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It seems like yesterday that the idea of talking to your computer and having it understand you was reserved for TV shows like Star Trek and The Jetsons. But over the past few years, voice technology has become huge, forever changing how we incorporate our devices into our day-to-day lives.
One only needs to look at Google and Amazon, and their forays into the voice command world to see the true impact of this trend.
Google Assistant and Amazon’s Alexa are essentially tiny robots that were developed to integrate into your daily life. They answer your questions, teach you how to do things, and help keep track of your daily activities. They can even make purchases at your command.
These gadgets are also changing the way we search for things on the Web. Where desktop and mobile browsing require us to physically type queries into a search engine, leading to a somewhat stilted syntax (e.g. “Chinese restaurants NYC”), voice search allows us to simply ask. The search query is now an actual question: “Hey Google, where is the closest Chinese restaurant?”
There are currently more than 45 million voice devices in use throughout the United States, and that number is expected to soar in the next year.
So, what does this mean for marketers and how we approach our content?
First thing’s first: Voice search is not a fad. It’s a growing trend that is gaining a ton of momentum very quickly.
In fact, more than 30% of all internet browsing is now screenless. Not only that, but voice searches made up for one-third of Google’s 3.5 billion web searches per day in 2017. Experts have also predicted that voice search will account for more than 50% of all internet searches by 2020.
This completely changes the SEO game and how businesses need to start optimizing for voice search. Content now has to be created with screenless searches in mind, which requires a very different approach when compared to text searches.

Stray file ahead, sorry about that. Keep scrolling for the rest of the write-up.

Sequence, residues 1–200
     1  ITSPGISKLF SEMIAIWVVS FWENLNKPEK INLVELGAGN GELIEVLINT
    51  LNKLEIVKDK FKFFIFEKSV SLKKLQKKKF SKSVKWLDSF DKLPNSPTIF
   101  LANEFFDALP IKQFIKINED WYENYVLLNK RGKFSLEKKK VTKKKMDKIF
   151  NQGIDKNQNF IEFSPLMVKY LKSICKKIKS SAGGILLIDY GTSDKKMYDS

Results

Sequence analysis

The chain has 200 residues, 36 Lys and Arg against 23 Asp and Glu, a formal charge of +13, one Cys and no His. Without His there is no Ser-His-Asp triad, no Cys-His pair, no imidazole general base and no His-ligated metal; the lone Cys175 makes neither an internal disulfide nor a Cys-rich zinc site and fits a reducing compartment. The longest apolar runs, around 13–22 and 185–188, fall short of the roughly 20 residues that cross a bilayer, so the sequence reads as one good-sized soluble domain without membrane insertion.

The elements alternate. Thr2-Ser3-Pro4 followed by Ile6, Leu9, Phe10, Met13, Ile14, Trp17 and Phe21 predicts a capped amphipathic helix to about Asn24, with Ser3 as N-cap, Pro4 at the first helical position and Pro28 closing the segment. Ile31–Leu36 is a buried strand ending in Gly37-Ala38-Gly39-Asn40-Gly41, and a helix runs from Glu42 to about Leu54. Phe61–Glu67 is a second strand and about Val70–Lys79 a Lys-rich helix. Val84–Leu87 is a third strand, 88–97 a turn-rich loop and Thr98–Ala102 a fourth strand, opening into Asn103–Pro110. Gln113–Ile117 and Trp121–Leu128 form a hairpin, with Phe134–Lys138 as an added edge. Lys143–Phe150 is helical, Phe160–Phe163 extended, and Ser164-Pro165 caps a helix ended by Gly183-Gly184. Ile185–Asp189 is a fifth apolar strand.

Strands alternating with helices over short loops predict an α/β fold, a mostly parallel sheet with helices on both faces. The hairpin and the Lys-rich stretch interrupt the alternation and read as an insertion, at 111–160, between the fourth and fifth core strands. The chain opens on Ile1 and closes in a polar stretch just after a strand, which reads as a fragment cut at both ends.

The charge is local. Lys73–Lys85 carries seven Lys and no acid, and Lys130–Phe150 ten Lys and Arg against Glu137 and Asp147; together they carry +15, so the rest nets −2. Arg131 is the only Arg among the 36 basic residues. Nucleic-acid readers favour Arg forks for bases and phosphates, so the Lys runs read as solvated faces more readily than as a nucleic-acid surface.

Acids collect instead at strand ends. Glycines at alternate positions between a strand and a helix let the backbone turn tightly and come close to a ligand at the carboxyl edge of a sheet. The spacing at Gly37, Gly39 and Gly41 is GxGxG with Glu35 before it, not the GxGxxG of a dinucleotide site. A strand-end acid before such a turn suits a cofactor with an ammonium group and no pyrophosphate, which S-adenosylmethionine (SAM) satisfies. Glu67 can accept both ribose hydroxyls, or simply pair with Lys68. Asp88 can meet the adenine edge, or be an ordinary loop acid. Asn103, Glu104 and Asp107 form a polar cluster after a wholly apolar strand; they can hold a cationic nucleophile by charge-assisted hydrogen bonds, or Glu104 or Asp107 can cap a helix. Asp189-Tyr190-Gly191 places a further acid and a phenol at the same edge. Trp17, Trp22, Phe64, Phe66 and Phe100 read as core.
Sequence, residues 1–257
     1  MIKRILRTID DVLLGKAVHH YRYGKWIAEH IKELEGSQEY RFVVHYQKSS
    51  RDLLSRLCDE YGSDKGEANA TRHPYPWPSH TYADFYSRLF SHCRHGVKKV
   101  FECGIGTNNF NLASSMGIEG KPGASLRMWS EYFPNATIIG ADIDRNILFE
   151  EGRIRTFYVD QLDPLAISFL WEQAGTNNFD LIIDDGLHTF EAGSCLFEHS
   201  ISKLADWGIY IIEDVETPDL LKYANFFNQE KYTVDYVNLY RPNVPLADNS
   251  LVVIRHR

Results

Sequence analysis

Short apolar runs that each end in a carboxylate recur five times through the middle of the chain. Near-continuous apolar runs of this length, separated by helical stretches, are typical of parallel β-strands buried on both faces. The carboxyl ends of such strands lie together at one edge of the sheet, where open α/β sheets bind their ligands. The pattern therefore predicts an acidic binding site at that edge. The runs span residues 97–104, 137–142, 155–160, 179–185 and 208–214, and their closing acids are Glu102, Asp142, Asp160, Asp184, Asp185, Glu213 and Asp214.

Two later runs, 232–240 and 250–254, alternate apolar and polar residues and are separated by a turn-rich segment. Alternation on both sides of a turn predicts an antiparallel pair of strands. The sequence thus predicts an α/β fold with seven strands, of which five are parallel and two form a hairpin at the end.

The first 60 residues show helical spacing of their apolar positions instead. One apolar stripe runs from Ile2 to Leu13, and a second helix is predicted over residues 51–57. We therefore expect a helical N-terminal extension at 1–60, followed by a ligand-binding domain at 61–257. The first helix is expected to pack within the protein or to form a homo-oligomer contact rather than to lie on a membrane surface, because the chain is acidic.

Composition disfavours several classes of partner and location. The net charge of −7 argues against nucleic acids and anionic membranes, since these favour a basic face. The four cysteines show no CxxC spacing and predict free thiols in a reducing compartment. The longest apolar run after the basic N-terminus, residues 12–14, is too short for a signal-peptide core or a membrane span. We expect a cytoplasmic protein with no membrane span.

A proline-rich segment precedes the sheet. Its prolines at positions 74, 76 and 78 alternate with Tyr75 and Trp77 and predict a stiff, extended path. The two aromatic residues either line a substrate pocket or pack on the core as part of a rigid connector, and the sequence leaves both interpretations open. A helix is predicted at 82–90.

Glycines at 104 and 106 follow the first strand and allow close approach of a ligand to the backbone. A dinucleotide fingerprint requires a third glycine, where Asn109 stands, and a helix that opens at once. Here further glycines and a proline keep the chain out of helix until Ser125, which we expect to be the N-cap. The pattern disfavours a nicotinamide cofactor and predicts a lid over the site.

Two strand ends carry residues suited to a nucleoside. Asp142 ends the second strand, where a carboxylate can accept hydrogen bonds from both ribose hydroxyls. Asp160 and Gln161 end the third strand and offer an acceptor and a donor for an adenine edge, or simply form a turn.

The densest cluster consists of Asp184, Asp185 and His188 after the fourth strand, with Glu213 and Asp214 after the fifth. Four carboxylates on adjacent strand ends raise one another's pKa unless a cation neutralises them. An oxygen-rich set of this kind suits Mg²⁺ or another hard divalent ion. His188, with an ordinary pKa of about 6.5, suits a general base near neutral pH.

The question now becomes: “How?”
The first tactic recommended for voice search ranking would be to chase down featured snippets on Google.
A featured snippet is the blurb that pops up at the top of a query's search results, answering the question often without requiring a click.
It’s always a great idea for any SEM strategy to seek out featured snippets, but it becomes even more vital when dealing with voice search.
Because voice search results are relayed verbally to the user, devices read these featured snippets aloud, meaning that the top Google search result is often the main answer given. Furthermore, the answer is often attributed to the source (e.g. "According to the website XYZ.com...").
If you’re able to get your content listed as a featured snippet for a high-value, relevant keyword, you could stand to see a significant increase in both site traffic and overall brand awareness.
If you’re looking to rank for voice search, you’re going to have to adapt your content to a more conversational tone. As we mentioned before, the language used in voice queries differs dramatically from your typical text-based internet search, so the language of the answers needs to match.
A text search might be something like “advertising vs marketing.” A voice query, on the other hand, is usually worded as a casual question like: “What’s the difference between advertising and marketing?”